Curious, adaptable and intelligent. The red fox is the perfect urban survivor

Curious, adaptable and intelligent. The red fox is the perfect urban survivor

  In an increasingly urban world, it’s remarkable to find a carnivore not only surviving, but thriving in the city

In an increasingly urban world, it’s remarkable to find a carnivore not only surviving, but thriving in the city

  By keeping to the shadows and leading a mostly nocturnal life, the red fox can live alongside man almost unnoticed

By keeping to the shadows and leading a mostly nocturnal life, the red fox can live alongside man almost unnoticed

  But even though we share our surroundings, after midnight the streets belong to the foxes

But even though we share our surroundings, after midnight the streets belong to the foxes

  They divide our neighbourhoods into their own territories. We are lucky to own a house, but a fox owns the whole street

They divide our neighbourhoods into their own territories. We are lucky to own a house, but a fox owns the whole street

 Dog foxes patrol their territories in the early morning, before the commuters head out for the day

Dog foxes patrol their territories in the early morning, before the commuters head out for the day

  In Bristol, territory size varies wildly. An outbreak of mange in the mid 90s killed 95% of the fox population

In Bristol, territory size varies wildly. An outbreak of mange in the mid 90s killed 95% of the fox population

 Mange is still present, but numbers have slowly been recovering and the surviving foxes are more resistant to the disease. Many territories however, still remain vacant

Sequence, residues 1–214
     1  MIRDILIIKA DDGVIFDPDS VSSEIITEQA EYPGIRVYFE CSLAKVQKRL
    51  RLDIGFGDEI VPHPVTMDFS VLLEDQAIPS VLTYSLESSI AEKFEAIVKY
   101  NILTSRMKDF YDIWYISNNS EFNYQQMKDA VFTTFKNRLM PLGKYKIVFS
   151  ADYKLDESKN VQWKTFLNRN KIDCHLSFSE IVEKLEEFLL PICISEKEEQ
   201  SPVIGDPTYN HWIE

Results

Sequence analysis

Mange is still present, but numbers have slowly been recovering and the surviving foxes are more resistant to the disease. Many territories however, still remain vacant

  Cars can also be a big killer. Around 50% of urban foxes die on our roads, with young foxes in most danger. Adults are much more streetwise and know their green cross code

Cars can also be a big killer. Around 50% of urban foxes die on our roads, with young foxes in most danger. Adults are much more streetwise and know their green cross code

  Sub-adults are generally more at risk in the city. A more inquisitive and adventurous nature is likely to get them into trouble

Sub-adults are generally more at risk in the city. A more inquisitive and adventurous nature is likely to get them into trouble

  Young foxes spend most of the summer near their dens in family groups, exploring their surroundings and slowly growing in confidence

Young foxes spend most of the summer near their dens in family groups, exploring their surroundings and slowly growing in confidence